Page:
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  • Building Demolition







    Did anyone else get a chance to check out the remaining shells of the two Studebaker buildings while in South Bend last week? The first is the back side of the old SASCO and the remaing two are the old Foundry.

    Tom
    sigpic

  • #2
    Thank you for the pix!
    sigpic

    Mike Barany

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    • #3
      We stopped by and took some pics, not a very nice sight to see though.

      http://s288.photobucket.com/albums/l...cpZZ2QQtppZZ16

      They're on pages two and three.
      John V.
      Last edited by Bordeaux Daytona; 05-11-2011, 08:08 PM. Reason: link didn't work the way I thought it would.

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      • #4
        As sad as it is for me to look at these photos, it must be extremely sad for those that were around South Bend when these buildings were a part of a vibrant business center. I can only imagine the many employees that came to work there each day for all the many years that Studebaker occupied these structures. As poor of condition as the buildings were in, it was nice having them stand as a monument of all things related to Studebaker. It's kind of like seeing your childhood house being demolished and knowing that you can never visit where your earliest memories originated. The site where my childhood home was is now a lawn in front of a newer, bigger house. I didn't realize it until now, but I guess I am a lot like my Studebaker cars in that we both lost our birth places due to time and detioration.
        sigpic
        In the middle of MinneSTUDEa.

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        • #5
          Originally posted by Milaca View Post
          As sad as it is for me to look at these photos, it must be extremely sad for those that were around South Bend when these buildings were a part of a vibrant business center. I can only imagine the many employees that came to work there each day for all the many years that Studebaker occupied these structures. As poor of condition as the buildings were in, it was nice having them stand as a monument of all things related to Studebaker. It's kind of like seeing your childhood house being demolished and knowing that you can never visit where your earliest memories originated. The site where my childhood home was is now a lawn in front of a newer, bigger house. I didn't realize it until now, but I guess I am a lot like my Studebaker cars in that we both lost our birth places due to time and detioration.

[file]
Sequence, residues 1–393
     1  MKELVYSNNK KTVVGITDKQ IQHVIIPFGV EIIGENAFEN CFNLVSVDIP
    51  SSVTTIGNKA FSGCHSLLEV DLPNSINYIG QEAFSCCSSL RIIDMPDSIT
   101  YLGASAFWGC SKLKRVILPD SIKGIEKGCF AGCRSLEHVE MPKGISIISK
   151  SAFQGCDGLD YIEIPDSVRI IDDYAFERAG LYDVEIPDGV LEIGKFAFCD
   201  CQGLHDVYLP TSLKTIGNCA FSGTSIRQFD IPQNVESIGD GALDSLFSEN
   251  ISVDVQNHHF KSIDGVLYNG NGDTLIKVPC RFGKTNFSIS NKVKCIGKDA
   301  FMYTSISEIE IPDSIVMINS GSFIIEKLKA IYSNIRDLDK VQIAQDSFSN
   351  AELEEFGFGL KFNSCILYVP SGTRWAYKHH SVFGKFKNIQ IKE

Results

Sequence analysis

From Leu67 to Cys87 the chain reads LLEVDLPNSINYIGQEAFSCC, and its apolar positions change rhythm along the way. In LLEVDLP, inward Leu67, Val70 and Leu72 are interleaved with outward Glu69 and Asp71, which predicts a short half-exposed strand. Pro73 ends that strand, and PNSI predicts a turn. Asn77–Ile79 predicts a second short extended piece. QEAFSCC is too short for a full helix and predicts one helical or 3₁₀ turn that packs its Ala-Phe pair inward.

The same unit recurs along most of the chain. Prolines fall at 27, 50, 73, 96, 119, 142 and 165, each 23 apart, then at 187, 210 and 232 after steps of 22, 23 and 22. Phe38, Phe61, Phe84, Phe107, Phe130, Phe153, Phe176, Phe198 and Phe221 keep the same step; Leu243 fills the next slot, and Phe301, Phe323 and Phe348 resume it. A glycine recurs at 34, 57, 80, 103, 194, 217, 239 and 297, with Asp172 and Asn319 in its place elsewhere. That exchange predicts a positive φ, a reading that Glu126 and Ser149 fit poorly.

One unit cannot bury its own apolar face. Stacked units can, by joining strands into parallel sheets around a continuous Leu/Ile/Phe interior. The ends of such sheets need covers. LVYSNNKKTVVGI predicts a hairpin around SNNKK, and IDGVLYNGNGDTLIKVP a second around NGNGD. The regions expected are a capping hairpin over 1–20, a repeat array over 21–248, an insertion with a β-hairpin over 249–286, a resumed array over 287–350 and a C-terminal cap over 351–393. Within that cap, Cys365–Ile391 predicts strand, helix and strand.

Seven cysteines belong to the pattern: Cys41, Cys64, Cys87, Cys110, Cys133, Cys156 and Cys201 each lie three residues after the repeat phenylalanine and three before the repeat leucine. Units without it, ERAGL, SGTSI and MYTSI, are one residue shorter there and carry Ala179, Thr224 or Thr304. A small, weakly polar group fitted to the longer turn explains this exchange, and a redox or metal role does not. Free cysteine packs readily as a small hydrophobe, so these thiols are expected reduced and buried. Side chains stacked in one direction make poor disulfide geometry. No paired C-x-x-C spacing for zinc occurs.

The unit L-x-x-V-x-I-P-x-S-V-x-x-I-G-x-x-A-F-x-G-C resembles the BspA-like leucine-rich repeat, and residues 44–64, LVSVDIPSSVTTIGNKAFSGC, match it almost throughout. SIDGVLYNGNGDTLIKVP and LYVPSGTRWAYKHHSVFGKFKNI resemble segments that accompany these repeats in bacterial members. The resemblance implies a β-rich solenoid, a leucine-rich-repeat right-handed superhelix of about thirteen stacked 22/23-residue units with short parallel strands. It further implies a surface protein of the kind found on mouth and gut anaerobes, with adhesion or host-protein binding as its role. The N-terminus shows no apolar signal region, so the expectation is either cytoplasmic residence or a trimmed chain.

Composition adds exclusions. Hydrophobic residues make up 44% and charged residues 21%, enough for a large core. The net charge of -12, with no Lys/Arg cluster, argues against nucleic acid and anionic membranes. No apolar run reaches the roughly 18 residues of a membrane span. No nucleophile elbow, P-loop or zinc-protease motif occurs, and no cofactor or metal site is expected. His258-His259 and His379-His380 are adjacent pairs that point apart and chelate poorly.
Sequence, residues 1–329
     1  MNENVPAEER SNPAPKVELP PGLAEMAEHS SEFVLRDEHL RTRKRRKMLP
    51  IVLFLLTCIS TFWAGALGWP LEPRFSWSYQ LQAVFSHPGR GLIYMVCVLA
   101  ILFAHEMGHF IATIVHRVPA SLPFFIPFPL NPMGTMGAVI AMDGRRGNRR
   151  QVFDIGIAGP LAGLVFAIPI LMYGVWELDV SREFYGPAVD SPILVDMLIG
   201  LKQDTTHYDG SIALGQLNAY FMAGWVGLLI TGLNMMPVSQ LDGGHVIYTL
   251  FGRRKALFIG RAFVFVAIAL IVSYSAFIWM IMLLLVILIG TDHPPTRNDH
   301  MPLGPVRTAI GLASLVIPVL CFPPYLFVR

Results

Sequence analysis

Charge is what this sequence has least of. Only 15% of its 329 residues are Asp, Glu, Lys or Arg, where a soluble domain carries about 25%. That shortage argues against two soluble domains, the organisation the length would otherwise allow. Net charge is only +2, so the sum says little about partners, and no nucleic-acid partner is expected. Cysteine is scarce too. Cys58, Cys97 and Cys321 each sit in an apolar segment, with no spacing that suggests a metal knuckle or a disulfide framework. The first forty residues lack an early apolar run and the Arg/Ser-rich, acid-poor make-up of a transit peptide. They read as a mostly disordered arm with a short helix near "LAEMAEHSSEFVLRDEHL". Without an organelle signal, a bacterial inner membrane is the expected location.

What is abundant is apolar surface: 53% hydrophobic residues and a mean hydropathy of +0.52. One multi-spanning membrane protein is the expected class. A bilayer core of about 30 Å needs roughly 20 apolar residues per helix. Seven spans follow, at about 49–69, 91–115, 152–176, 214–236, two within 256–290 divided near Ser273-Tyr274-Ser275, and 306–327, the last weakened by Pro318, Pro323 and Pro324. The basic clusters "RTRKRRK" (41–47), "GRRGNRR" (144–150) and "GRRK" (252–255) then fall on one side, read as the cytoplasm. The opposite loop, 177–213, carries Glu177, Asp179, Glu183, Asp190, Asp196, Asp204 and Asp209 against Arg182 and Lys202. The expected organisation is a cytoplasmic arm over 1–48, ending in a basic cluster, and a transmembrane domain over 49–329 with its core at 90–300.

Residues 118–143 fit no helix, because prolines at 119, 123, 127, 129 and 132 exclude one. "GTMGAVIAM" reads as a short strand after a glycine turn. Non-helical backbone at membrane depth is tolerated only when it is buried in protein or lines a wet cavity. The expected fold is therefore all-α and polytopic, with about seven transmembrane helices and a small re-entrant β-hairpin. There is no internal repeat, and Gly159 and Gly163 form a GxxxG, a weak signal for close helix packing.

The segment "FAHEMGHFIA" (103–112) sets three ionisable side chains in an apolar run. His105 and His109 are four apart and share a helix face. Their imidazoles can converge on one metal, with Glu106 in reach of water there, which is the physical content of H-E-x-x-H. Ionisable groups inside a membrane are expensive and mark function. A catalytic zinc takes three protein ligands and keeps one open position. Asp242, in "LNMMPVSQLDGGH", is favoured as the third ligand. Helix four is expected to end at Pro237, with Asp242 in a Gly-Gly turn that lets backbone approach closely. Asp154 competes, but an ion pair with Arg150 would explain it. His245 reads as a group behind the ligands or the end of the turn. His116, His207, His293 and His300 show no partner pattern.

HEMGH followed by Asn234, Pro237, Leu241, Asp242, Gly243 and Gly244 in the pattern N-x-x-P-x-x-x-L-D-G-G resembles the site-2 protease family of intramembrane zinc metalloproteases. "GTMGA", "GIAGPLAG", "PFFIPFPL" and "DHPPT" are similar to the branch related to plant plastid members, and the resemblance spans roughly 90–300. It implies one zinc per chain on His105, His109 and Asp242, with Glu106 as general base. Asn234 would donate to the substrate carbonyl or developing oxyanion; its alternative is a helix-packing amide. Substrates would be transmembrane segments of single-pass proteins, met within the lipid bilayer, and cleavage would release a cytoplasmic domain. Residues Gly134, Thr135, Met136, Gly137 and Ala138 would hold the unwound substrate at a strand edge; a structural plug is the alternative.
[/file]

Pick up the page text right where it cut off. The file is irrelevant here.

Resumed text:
Well stated, Milaca. Jim Turner and I drove by the demolition sites while in South Bend for the May Meet last weekend. It is sad to see the last vestiges of Studebaker's vibrancy succumb to the wrecking ball.

          Personally, seeing the Foundry come down is the hardest.

          Close your eyes for a moment and imagine calendar year 1950: During calendar year 1950, that foundry had to produce about 1,000 six-cylinder engine blocks and 1,000 six-cylinder engine heads every working day. With two different sixes in production at the time, that meant four different castings.

          Then, mid-year 1950, they had to tool up for an all-new V8 engine block and heads, bringing their total number of different castings to six being produced concurrently.

          That's a lot of people working hard to earn a legitimate living, contributing to both the country's and the company's prosperity. 'Not sure how we expect to survive with such productive work being done in China and elsewhere. BP
          We've got to quit saying, "How stupid can you be?" Too many people are taking it as a challenge.

          Ayn Rand:
          "You can avoid reality, but you cannot avoid the consequences of avoiding reality."

          G. K. Chesterton: This triangle of truisms, of father, mother, and child, cannot be destroyed; it can only destroy those civilizations which disregard it.

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          • #6
            Originally posted by BobPalma View Post
            Well stated, Milaca.<snip>... That's a lot of people working hard to earn a legitimate living, contributing to both the country's and the company's prosperity. 'Not sure how we expect to survive with such productive work being done in China and elsewhere. BP
            Well said Bob! Please help me resist getting up on my soap box on this particular subject though. I will say this; it sickens me that our government makes manufacturing in this country jump through the environmental hoops that the foreign competition aren't even close to complying with or paying for. Yeah, we have clean(er) air and clean(er) water and rampant unemployment. Gee, isn't it nice how now we are heading down to the same level as all the third world nations? Just had to give them the hand up, right? Grrr... grrr... grrr! ... politicians and stupid people!

            OOps... Wasn't going to do that...
            Last edited by studeclunker; 05-11-2011, 04:47 PM.
            Home of the famous Mr. Ed!
            K.I.S.S. Keep It Simple Studebaker!
            Ron Smith
            Where the heck is Fawn Lodge, CA?

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            • #7
              S.I. South Bend?

              Great pictures John V ! I must have spent an hour looking at all those great cars, trying to find the Factory destruction Pics and never did, when I got to Pg. 12 with the "Other" make cars I quit looking.

              Is that big heavy stamping Die for making hubcaps? I assume it was at Studebaker International, right?

              All those nice cars in the parking lot with the Power Plant smokestack in background, were at the former Studebaker Aviation Plant (S.I.) ?